5 Chapter 3 : This Infamous 19th-Century Birth Control Pamphlet Got Its Writer Imprisoned â C.A. Asbrey Laura Bell () became famous for her radiant beauty, wit and intelligence when working as a high class prostitute in Dublin in her teens. She eventually moved to London, where she would spend her days riding around Hyde Park in a gilded carriage drawn by two white horses and "entertaining" rich dukes and wealthy noblemen. OX1 4BW info sandersofoxford. We are, therefore, excited to release our most recent catalogue, Famous and Infamous, providing a brief overview of this grand tradition from high society portraits to depictions of criminals and courtesans. Often believed to be an 18th century concept, the female celebrity has its roots further back in history, with infamous individuals such as Mary Carleton 39 the 17th century impersonator or the famous French military figure Joan of Arc Portraits of actresses, countesses, and queens continued to be printed and published throughout the 18th and 19th centuries in order to feed public interest in the emergence of celebrity culture. We hope to revive the stories of these fascinating but often forgotten women through this catalogue. The child holds an apple in their right hand. The date has also been erased. Half-length portrait of a young woman with her back turned to the viewer, peering back over her right shoulder whilst drawing a band over her head. She wears a gown, and a shawl which has a decorated hem. Her hair is worn up, with ringlets falling around the nape of her neck, and with her left hand, she pushes a lock of hair away from her face. In preparation for leaving England, Kauffman sold off her plates, the majority of which were bought by John Boydell. Between and, Boydell reissued the plates, adding aquatint to several. Thompson later acquired a number of plates from Boydell, and reissued them in The aquatint of the Thompson impressions is generally rather faded. Trimmed within plate mark and graingerised. Trimmed to plate mark and graingerised. Standing in full-length on a ledge in classical attire, she bows her head whilst pouring water from a vase into a cup she holds with her left hand. Trimmed close to plate mark, and some light time toning to margins, but otherwise a good, clean impression. The figure is shown in full-length, and wears a plumed helmet. Her left hand rests upon her hip, whilst her right hand extends to a ruined column by her side. Lying by her feet is a lion. Trimmed within the plate mark. Standing in full-length on a ledge with her back turned to the viewer, she gazes to the upper left of the image, from where a ray of light emerges. In the lower left of the composition, part of an anchor is visible. Excellent impression with full margins. Light foxing bottom margin not affecting the image. Here, she is shown full-length, walking forwards, with her right arm raised and holding a burning torch in her left hand. She is set against a background of classical buildings. She accompanied Robert Pott, a friend of the artist William Hickey, to Bengal c but died there shortly afterwards on a voyage between Madras and Calcutta. Framed in period frame. Facing to the the left almost in profile, she wears a flounced dress, a flat hat, and pearls around her neck. Miss Muse remains an unidentified sitter. Light pressed crease running right down side of sheet, graingerised. In three-quarter length, she is seated facing front holding a kitten in her hands and smiling. She is wearing broad-brimmed straw hat with ribbon and dark shawl over white dress. There is a curtain in the background on left and a landscape beyond on right. All with title and artist names below accompanied y a vers by Dryen: Trimmed within the plate. Publication line trimmed off. Diagonal crease lower left. Depicted seated upon a chair whilst reading a book, Theophilia is shown with her head bowed in profile, and resting upon her left hand. The book that she reads is held with her right hand. Theophila and her daughter modelled for Reynolds on occasion. The three-quarter length portrait shows Theophila nearly in complete profile to the left, whilst seated and leaning her left upon a ledge. She wears a dress with a large ribbon around the breast, with a dark shawl over her shoulders, and long, dark gloves. Her hair is mostly worn up, with a few tresses around the nape of her neck, and pearls adorn the top of her hair. The half-length portrait of Catherine shows her standing, with her face partially shaded by the large, flat hat she wears upon her head. Around her neck, she wears a ribbon, and over her low-cut dress she wears a mantle. They were married in Boydell Engraver in Cheapside, Jany. Seated and directed to the right, she look downwards, and wears a pearl choker. Her hair is adorned with pearls, and in her lap, she holds a bunch of flowers. Image x mm, Plate x mm, Sheet x mm Set within a studio, three women are depicted painting. The image comes from a series of prints titled Twenty-four subjects exhibiting the Costume of Paris. The series Page 5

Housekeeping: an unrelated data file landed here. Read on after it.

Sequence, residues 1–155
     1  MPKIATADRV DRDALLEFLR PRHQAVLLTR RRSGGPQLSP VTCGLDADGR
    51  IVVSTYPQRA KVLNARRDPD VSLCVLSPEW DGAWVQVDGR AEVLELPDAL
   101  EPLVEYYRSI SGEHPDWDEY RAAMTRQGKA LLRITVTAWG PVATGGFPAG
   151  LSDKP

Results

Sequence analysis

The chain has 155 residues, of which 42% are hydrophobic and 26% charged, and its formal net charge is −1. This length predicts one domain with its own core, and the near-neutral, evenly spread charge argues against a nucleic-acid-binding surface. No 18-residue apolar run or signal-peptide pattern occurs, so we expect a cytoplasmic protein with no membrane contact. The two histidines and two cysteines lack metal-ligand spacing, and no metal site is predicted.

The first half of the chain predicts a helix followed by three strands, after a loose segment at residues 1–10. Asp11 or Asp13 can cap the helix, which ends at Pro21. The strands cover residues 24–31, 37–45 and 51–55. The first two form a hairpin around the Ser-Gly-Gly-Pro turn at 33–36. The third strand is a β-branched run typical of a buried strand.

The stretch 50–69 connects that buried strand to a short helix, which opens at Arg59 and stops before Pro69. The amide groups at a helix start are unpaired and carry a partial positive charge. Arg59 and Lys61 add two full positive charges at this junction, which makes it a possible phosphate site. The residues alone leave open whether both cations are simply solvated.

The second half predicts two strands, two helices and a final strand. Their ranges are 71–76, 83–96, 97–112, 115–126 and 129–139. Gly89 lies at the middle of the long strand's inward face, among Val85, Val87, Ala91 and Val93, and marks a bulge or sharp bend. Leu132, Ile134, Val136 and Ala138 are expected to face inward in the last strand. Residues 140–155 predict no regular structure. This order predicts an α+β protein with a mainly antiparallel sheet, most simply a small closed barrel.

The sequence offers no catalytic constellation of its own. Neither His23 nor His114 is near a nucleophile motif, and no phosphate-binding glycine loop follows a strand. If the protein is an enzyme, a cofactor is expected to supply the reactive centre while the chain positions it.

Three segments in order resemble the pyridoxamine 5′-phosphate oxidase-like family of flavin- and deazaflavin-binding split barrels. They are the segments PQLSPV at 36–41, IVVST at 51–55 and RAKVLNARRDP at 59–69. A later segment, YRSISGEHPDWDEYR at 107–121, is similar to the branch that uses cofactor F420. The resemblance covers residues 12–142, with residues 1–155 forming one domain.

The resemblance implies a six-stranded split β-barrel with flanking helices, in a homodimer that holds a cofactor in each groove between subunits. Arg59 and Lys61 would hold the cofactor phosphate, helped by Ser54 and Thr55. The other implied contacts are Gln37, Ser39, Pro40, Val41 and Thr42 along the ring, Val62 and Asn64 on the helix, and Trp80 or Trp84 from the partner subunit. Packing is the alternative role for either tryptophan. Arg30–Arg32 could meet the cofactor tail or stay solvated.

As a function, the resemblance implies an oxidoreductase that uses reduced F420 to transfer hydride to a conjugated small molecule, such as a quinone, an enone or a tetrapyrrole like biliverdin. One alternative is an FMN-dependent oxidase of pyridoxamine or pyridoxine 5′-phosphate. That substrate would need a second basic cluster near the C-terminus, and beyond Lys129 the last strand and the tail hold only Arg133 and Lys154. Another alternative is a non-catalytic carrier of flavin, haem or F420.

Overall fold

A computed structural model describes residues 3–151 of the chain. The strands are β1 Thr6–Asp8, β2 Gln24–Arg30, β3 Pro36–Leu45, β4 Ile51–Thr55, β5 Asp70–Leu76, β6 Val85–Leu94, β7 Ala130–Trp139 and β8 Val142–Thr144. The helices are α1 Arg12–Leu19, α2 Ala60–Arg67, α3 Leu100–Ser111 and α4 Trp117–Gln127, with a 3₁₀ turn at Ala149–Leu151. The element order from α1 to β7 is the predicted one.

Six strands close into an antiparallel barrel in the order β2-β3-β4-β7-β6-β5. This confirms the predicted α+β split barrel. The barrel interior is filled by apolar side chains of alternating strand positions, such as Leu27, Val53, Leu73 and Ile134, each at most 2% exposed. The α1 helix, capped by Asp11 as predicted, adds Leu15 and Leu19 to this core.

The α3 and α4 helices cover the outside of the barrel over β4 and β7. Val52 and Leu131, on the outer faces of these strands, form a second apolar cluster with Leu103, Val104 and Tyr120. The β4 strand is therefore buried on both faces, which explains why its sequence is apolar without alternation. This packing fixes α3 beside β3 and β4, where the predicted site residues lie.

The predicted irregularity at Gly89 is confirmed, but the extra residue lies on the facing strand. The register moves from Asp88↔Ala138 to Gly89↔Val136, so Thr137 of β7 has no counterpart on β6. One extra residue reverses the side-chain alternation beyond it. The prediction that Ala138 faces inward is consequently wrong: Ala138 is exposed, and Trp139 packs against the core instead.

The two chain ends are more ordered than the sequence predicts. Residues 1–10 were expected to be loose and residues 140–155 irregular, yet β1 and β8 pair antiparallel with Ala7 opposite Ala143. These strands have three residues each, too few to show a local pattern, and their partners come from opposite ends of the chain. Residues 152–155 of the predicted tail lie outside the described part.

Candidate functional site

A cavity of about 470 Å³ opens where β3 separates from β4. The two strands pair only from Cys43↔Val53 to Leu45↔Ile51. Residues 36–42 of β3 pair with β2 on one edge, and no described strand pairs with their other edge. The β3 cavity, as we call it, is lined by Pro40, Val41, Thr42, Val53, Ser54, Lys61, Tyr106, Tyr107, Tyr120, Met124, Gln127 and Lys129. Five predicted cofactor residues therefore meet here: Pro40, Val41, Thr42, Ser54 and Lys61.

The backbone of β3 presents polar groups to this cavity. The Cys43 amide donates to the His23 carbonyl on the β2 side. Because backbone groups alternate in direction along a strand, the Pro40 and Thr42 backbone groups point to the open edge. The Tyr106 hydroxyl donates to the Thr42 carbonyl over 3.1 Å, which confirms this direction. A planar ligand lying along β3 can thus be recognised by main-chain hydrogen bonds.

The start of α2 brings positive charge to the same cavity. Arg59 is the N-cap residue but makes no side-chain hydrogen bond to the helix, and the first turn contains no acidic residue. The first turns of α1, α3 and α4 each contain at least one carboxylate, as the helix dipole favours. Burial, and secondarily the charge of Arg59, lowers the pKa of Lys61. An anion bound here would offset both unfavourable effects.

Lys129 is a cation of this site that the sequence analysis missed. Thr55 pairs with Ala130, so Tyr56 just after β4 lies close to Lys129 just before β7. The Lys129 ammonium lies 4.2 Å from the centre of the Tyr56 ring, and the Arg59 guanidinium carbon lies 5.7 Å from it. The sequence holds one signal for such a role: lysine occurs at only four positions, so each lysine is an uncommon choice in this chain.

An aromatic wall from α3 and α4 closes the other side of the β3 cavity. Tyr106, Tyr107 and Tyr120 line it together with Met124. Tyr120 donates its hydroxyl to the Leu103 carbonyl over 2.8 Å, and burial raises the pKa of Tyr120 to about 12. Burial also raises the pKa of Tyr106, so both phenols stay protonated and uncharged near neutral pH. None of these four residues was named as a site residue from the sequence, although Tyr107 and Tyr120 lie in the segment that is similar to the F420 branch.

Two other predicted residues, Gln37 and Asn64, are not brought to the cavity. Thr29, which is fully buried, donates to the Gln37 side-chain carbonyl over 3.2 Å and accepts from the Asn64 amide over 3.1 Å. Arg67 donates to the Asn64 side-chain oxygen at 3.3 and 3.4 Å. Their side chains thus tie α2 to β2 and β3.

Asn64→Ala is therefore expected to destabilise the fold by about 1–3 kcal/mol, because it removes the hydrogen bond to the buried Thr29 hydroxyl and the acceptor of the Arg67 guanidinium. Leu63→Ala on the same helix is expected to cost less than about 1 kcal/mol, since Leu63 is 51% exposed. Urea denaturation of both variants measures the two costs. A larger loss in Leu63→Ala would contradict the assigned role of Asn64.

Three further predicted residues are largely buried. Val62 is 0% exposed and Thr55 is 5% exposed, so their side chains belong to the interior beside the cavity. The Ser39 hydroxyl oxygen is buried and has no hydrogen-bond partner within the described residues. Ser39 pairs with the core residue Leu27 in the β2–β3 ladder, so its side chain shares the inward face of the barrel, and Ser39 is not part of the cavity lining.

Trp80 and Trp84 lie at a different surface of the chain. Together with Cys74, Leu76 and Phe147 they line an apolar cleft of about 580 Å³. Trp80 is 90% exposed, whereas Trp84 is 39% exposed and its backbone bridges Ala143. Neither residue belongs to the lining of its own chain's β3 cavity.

6 was published between and in four parts, each of which came with a lithographed or engraved wrapper. Although an order is given in Abbey Travel, the plates were not numbered, and therefore, the order is uncertain. Abbey Travel Condition: Discolouration and time toning to margins. Vertical tear, approximately 2cm, along upper edge of sheet, not affecting image. Seated under an arch whilst painting a Madonna and Child, she holds a paintbrush in her right hand. She wears a dark robe with a lace collar, and an apron over her lap. She painted several three-quarter view self-portraits. Chaloner Smith 1, Meyer 22 Condition: Tipped to an album page and some light rubbing in the upper portion of the print. She wears a hat, a ribbon around her neck, and a cape over her dress. In her hands she holds a book, and sitting upon the desk to her left are books and a quill pen. She left him to become an actress in Edinburgh and Norwich. Sayer in Fleet Street. Crease to lower right corner, and small mark to upper edge of sheet, not affecting image. Sayer, Printseller in Fleet Street. Oettingen - Wallerstein Ex. Mark to top left corner, at and above plate mark. Bust portrait of Angelica Kauffman, based upon a wax medallion. Facing to the left in profile, she wears a chiton and peplos, and her hair is styled as an Ancient Greek, with a fillet across her head. Biffin [Sarah Biffen] R. Sievier after Sarah Biffen Stipple London. Published June ; by Miss Biffin; 33 Strand. Image x mm, Plate x mm, Sheet x mm A three-quarter length portrait of Sarah Biffin, miniature painter born without arms seated to the right on a bench behind a table on which lies and easel, a glass with two paint brushes, and a palette, looking towards the viewer, paint brush attached to the right sleeve of her dres, shewears a plumed hat, lace collar and chain. Inscription below title reads: Born at East Quantox-head, near Bridgewater, Somersetshire. Light dirt build up and discolouration to margins, not affecting plate or image. Image 91 x 75 mm, Plate x mm, Sheet x mm Half-length portrait of Olivia Serres, set within a oval. She faces forwards, with her gaze set slightly off to the left, holding a crayon in her right hand, and a portfolio in her left. Over her head she wears a veil. Olivia Serres -, known as Olive, was a British painter and writer. The drawing from which this print is taken is from a selection of numerous drawings that were previously attributed to Mary Beale by Robert Laurence Binyon, which are now recognised as the work of her son, Charles Beale. Mary Beale - was one of the most important portrait painters in 17th-century England, and has been recognised as the first professional female English painter. Her husband, Charles Beale the Elder, ran, and assisted her in, her studio in London. Staining to edges of sheet. Somel foxing to sheet. Mrs Frewer active early 19th century was drawing teacher in Norwich. Trimmed within plate mark and laid to album page. Small loss to lower left corner of sheet, not affecting printed area. Catherine was noted not for beauty but for her celebrated wittiness and sharp tongue Ex. A notorious trouble maker in her home town outside Belfast she announced her engagement to the lieutenant, Valentine Rudd, after just ten days of him being stationed in her town. The newly married couple moved to London where Caroline proceeded to rack up debts in her husbands name. She then ran off with another man and continued to bill her husband to ruin. Due to Carolines actions Rudd was arrested and put in a debtors prision, upon his release he fled the country. Caroline is most notorious for her involvement with the brothers Perreau, a subject upon which Sarah Bakewell has based the novel The Smart: Page 6